Author + information
- Received December 14, 1995
- Revision received May 9, 1996
- Accepted May 14, 1996
- Published online October 1, 1996.
- MERYL S COHEN,
- MARSHALL L JACOBS,
- PAUL M WEINBERG and
- JACK RYCHIK* ()
- ↵*Address for correspondence: Dr. Jack Rychik, Noninvasive Cardiovascular Laboratory, Division of Cardiology, The Children's Hospital of Philadelphia, Philadelphia, Pennsylvania 19104.
Objectives. This study was designed to define morphometric echocardiographic variables of unbalanced common atrioventricular canal (CAVC) that could aid in appropriate referral for surgical repair.
Background. Unbalanced CAVC has a high surgical mortality rate. This may be secondary to inappropriate referral of some patients for two-ventricle repair (closure of septal defects) instead of single-ventricle repair (Norwood palliation and Fontan operation).
Methods. The echocardiograms of 103 patients with CAVC were retrospectively reviewed. In the subcostal left anterior oblique view, the area of the atrioventricular (AV) valve aportioned over each ventricle was measured, and an AV valve index (AVVI) was calculated as left/right valve area. The ventricular cavity ratio between the two ventricles was estimated as left ventricular length times width divided by right ventricular length times width. These variables were correlated with surgical referral and outcome.
Results. Patients previously categorized as having balanced CAVC all had AVVI >0.67 (n = 77). Of the patients with unbalanced CAVC (n = 26), 11 had ductal-dependent circulation and underwent Norwood palliation (AVVI 0.21 ± 0.13, mean ± SD), and 15 had two-ventricle repair (AVVI 0.51 ± 0.12, p < 0.0001). Of these 15 patients, 9 have survived, with no difference in mean AVVI between survivors and nonsurvivors (0.52 ± 0.11 versus 0.49 ± 0.13, p = 0.72). For all 103 patients, AVVI correlated with ventricular cavity ratio. However, of the unbalanced CAVC group who underwent two-ventricle repair, three nonsurvivors had a discrepancy between AVVI and ventricular cavity ratio (low AVVI but normal ventricular size). A large ventricular septal defect was present in all six nonsurvivors but in only four of nine survivors (p < 0.05).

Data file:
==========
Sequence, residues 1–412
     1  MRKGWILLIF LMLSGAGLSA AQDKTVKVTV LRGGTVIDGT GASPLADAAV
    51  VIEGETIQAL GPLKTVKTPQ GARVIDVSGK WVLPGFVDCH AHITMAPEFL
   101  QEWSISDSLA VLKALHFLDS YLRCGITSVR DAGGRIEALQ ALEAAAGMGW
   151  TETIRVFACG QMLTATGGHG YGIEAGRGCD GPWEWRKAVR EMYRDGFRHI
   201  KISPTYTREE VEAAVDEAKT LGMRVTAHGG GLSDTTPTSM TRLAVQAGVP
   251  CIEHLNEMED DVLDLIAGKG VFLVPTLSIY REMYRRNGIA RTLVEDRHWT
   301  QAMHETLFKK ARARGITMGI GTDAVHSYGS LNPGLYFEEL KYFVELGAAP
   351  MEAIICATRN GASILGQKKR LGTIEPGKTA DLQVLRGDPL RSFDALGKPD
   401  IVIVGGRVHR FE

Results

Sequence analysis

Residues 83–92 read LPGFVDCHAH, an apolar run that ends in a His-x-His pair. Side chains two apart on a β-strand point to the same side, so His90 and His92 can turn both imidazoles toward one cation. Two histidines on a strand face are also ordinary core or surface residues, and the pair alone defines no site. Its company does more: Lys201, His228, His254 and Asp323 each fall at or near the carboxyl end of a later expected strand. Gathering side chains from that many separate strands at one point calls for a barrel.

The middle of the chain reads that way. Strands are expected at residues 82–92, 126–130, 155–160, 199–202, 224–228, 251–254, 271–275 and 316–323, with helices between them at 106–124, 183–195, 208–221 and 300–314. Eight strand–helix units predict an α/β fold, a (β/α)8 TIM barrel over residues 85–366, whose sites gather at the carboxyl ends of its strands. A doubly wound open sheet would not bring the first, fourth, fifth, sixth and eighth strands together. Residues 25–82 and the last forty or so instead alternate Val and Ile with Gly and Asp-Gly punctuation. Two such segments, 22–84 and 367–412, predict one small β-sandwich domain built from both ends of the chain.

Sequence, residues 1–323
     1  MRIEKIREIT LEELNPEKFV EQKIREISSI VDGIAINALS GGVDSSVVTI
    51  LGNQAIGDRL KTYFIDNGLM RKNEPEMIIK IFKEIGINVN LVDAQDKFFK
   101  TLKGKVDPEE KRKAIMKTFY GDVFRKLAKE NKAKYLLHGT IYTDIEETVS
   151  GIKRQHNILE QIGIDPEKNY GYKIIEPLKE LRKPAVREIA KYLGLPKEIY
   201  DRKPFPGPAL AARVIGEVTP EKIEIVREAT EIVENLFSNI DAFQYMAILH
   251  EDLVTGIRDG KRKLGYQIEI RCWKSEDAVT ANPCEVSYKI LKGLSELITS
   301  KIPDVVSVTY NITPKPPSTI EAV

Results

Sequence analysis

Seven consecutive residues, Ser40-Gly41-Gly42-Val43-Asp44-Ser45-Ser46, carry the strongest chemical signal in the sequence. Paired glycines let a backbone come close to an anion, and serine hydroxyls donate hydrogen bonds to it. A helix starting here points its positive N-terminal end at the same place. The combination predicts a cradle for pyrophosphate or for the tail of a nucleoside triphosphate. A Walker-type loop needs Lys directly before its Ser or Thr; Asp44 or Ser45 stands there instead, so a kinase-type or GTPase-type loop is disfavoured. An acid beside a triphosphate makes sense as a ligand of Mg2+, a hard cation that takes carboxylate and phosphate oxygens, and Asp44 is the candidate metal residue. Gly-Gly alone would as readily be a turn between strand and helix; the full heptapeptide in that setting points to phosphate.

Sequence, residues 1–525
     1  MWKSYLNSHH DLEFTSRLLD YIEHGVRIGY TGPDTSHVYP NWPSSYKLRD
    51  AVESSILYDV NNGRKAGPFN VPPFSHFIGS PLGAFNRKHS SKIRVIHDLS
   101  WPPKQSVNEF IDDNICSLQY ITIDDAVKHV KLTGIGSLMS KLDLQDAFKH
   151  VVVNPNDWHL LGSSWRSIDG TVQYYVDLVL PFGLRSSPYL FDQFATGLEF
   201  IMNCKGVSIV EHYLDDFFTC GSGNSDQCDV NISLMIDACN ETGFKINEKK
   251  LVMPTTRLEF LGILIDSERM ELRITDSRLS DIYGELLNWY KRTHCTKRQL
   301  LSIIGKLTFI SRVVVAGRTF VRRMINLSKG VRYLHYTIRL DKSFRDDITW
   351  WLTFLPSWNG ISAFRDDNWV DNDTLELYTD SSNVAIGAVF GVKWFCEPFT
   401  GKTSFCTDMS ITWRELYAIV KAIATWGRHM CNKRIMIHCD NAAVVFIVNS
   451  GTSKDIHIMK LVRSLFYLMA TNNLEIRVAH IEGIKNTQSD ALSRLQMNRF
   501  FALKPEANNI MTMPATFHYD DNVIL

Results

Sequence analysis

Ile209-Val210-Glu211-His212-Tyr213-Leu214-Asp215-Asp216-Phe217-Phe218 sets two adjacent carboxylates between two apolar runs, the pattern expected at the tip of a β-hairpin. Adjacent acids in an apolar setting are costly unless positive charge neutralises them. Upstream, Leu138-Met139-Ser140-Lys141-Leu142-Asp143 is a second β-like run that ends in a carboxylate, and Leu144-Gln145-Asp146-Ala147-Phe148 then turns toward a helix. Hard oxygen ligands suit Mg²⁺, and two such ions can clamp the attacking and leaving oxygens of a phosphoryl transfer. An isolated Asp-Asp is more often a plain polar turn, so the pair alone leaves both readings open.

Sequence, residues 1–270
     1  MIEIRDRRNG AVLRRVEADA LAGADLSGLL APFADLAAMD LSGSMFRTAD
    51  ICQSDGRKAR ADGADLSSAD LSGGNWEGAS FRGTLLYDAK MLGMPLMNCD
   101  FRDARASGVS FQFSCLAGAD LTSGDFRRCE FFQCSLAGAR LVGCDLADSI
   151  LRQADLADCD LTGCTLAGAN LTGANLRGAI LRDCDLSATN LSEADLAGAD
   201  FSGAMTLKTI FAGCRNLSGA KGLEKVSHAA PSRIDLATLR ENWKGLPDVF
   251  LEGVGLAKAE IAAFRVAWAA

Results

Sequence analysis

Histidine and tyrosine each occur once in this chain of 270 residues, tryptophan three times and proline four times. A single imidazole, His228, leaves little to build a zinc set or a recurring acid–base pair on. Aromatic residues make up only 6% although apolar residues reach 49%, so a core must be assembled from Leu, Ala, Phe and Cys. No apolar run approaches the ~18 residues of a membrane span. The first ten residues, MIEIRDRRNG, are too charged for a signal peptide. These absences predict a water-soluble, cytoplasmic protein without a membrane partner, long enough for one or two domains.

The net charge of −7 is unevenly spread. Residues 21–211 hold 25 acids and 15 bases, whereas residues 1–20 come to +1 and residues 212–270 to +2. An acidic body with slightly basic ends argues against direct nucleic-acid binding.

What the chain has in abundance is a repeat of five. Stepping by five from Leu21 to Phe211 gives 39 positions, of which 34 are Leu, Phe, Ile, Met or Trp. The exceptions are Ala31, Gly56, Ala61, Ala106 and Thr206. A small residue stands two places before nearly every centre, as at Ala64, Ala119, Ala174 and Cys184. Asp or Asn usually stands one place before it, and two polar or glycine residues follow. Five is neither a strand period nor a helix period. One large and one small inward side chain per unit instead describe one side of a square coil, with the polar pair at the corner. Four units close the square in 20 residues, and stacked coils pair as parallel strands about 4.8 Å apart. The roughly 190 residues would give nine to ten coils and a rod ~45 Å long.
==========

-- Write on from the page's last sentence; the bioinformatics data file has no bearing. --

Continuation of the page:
Conclusions. Echocardiographic morphometry is useful in defining unbalance in CAVC. If AVVI is <0.67 in the presence of a large ventricular septal defect, a single-ventricle approach to repair should be considered.
- Received December 14, 1995.
- Revision received May 9, 1996.
- Accepted May 14, 1996.
- THE AMERICAN COLLEGE OF CARDIOLOGY